Modern academic historical literature on the Iranian world, while certainly substantial and growing in quantity, is still relatively small when compared to that on Europe or the United States, where an awareness of the plethora of interpretations, revisionisms, and counter-revisions in the vast amount of scholarly literature is essential to the study of various topics. In the case of Persia and the Iranian world, there are now useful bibliographical guides to the academic literature (Afšār, Pearson) as well as some analytical surveys of general relevance (Elwell-Sutton, Humphreys, Sauvaget) and accounts of the historiography of particular events such as the Revolution of 1979-80 (Bādāmčiān). For the most part, however, historiographical studies of this type are still best done in the context of treatments of the specific topics in Persian history where enough academic work has been done to generate clear-cut issues and debates among professional historians.


Bibliography (includes some standard works of reference as well as a selective guide to some recent books and articles which discuss wider issues of historiography in relation to the specific topic and period under discussion):

Ervand Abrahamian, “The Causes of the Constitutional Revolution in Iran,” IJMES 10, 1979, pp. 381-414.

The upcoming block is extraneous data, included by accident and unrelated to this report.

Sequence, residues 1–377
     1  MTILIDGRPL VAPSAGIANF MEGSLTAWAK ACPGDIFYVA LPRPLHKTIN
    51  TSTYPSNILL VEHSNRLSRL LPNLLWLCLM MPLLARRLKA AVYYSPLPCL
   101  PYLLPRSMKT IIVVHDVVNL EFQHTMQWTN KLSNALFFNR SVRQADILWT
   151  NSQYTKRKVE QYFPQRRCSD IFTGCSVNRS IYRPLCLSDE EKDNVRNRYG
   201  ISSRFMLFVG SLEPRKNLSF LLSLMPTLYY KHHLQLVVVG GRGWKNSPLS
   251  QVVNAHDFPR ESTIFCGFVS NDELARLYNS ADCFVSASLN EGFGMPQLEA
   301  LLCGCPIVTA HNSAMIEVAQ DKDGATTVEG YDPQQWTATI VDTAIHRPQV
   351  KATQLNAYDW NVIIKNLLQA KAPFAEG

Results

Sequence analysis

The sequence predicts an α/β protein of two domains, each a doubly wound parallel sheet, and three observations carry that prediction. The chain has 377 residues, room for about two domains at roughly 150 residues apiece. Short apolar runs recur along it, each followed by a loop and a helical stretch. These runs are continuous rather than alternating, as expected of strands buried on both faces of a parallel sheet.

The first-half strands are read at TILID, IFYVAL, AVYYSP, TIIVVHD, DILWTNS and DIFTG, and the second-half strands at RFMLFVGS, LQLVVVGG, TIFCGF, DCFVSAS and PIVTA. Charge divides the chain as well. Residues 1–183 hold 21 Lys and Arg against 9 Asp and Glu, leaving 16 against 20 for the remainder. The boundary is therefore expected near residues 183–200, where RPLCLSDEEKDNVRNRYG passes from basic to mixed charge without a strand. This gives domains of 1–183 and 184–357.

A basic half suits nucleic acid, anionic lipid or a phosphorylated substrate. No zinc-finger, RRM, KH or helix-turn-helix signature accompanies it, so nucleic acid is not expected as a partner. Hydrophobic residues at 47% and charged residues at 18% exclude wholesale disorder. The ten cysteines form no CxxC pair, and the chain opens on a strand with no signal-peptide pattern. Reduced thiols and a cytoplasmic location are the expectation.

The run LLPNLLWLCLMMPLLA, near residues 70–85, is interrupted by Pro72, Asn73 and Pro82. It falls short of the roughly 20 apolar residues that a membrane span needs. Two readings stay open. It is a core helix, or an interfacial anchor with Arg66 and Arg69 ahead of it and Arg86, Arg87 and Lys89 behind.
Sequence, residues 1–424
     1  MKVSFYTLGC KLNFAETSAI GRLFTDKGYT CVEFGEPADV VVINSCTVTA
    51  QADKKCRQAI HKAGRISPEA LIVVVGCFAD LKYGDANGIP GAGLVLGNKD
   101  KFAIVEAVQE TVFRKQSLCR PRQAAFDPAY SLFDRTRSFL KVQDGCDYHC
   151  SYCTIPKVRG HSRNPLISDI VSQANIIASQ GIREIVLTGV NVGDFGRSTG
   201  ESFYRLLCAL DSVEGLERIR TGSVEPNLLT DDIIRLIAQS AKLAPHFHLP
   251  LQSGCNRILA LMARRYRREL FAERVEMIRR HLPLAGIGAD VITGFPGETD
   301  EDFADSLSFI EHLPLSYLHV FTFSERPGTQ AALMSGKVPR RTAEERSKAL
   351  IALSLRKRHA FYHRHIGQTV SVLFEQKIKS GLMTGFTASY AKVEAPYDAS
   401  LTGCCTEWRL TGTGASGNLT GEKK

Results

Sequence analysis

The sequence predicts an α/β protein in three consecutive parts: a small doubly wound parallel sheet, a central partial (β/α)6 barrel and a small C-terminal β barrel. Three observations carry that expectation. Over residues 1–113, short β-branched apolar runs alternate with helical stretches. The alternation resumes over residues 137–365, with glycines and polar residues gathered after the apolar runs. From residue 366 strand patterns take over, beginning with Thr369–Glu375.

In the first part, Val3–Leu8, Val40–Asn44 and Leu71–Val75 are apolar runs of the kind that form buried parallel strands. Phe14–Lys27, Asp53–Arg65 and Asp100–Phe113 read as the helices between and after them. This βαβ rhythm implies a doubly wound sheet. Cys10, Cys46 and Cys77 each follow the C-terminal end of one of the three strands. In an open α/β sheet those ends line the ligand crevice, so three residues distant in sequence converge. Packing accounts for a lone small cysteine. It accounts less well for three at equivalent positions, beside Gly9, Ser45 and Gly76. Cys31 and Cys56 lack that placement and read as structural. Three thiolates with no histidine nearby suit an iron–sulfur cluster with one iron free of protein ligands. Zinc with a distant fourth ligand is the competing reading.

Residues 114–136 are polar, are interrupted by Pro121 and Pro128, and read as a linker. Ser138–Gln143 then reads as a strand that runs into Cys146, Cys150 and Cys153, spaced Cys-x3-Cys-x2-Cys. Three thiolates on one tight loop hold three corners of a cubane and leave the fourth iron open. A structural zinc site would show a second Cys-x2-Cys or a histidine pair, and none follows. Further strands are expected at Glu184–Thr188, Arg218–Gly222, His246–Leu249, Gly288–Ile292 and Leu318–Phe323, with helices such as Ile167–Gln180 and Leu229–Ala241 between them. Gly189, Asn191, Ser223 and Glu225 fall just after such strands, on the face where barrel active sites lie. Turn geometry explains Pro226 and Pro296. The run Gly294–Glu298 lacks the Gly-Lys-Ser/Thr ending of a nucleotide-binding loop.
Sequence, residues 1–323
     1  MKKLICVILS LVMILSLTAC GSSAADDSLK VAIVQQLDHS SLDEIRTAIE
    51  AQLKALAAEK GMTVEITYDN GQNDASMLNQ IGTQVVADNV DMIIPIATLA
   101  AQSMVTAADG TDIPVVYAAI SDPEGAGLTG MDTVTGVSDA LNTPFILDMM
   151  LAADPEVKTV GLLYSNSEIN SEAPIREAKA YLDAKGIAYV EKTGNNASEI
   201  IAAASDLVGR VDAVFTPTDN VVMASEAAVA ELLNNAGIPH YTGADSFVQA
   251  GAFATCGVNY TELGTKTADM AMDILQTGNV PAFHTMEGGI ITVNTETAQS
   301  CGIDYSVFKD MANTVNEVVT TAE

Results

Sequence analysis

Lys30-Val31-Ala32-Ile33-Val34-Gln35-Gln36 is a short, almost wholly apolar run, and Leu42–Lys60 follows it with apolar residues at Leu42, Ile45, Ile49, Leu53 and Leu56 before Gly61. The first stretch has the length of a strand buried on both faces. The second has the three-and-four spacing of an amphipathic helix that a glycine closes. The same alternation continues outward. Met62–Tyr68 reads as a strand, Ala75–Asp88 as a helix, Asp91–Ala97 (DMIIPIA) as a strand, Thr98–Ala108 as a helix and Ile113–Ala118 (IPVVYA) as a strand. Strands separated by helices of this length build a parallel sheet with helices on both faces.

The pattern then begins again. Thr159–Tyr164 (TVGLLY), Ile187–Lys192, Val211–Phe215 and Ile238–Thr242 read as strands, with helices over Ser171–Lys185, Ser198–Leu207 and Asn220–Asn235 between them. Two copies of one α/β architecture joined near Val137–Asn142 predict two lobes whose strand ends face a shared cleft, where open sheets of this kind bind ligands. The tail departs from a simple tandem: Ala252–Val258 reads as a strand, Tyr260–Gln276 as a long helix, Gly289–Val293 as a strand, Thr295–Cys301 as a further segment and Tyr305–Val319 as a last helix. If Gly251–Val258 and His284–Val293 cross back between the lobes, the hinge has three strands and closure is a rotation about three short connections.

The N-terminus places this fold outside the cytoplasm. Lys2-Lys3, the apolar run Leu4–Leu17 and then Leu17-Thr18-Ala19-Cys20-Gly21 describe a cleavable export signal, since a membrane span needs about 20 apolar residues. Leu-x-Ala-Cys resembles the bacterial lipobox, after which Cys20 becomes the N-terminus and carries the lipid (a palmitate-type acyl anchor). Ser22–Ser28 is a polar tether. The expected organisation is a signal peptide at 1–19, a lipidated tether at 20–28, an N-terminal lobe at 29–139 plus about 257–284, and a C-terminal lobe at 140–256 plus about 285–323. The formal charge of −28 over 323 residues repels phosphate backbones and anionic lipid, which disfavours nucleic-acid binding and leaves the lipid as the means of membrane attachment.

Fereydoun Adamiyat, “Enḥeṭāṭ-e tāriḵ-negāri dar Irān,” Soḵan 17/1, April 1967, pp. 17-30, rev. and tr. into Eng. by Thomas M. Ricks as “Problems in Iranian Historiography,”Iranian Studies IV, 1971, pp. 132-56.

Iraj Afšār, Fehrest-e maqālāt-e fārsi (Index Iranicus), Tehran, 1970.

Asad-Allāh Bādāmčiān et al., Darāmadi bar tāriḵ-negāri-e enqelāb-e eslāmi, Tehran, 1997.

Robert C. Dentan, ed., The Idea of History in the Ancient Near East, New Haven, 1955.

Martin B. Dickson, “The Fall of the Safavi Dynasty.” JAOS 82, 1962, pp. 503-17.

L. P. Elwell-Sutton, ed., Bibliographical Guide to Iran, Brighton, 1983.

Hafez F. Farmayan, “Observations on Sources for the Study of Nineteenth- and Twentieth-Century Iranian History,” IJMES 5, 1974, pp. 32-49.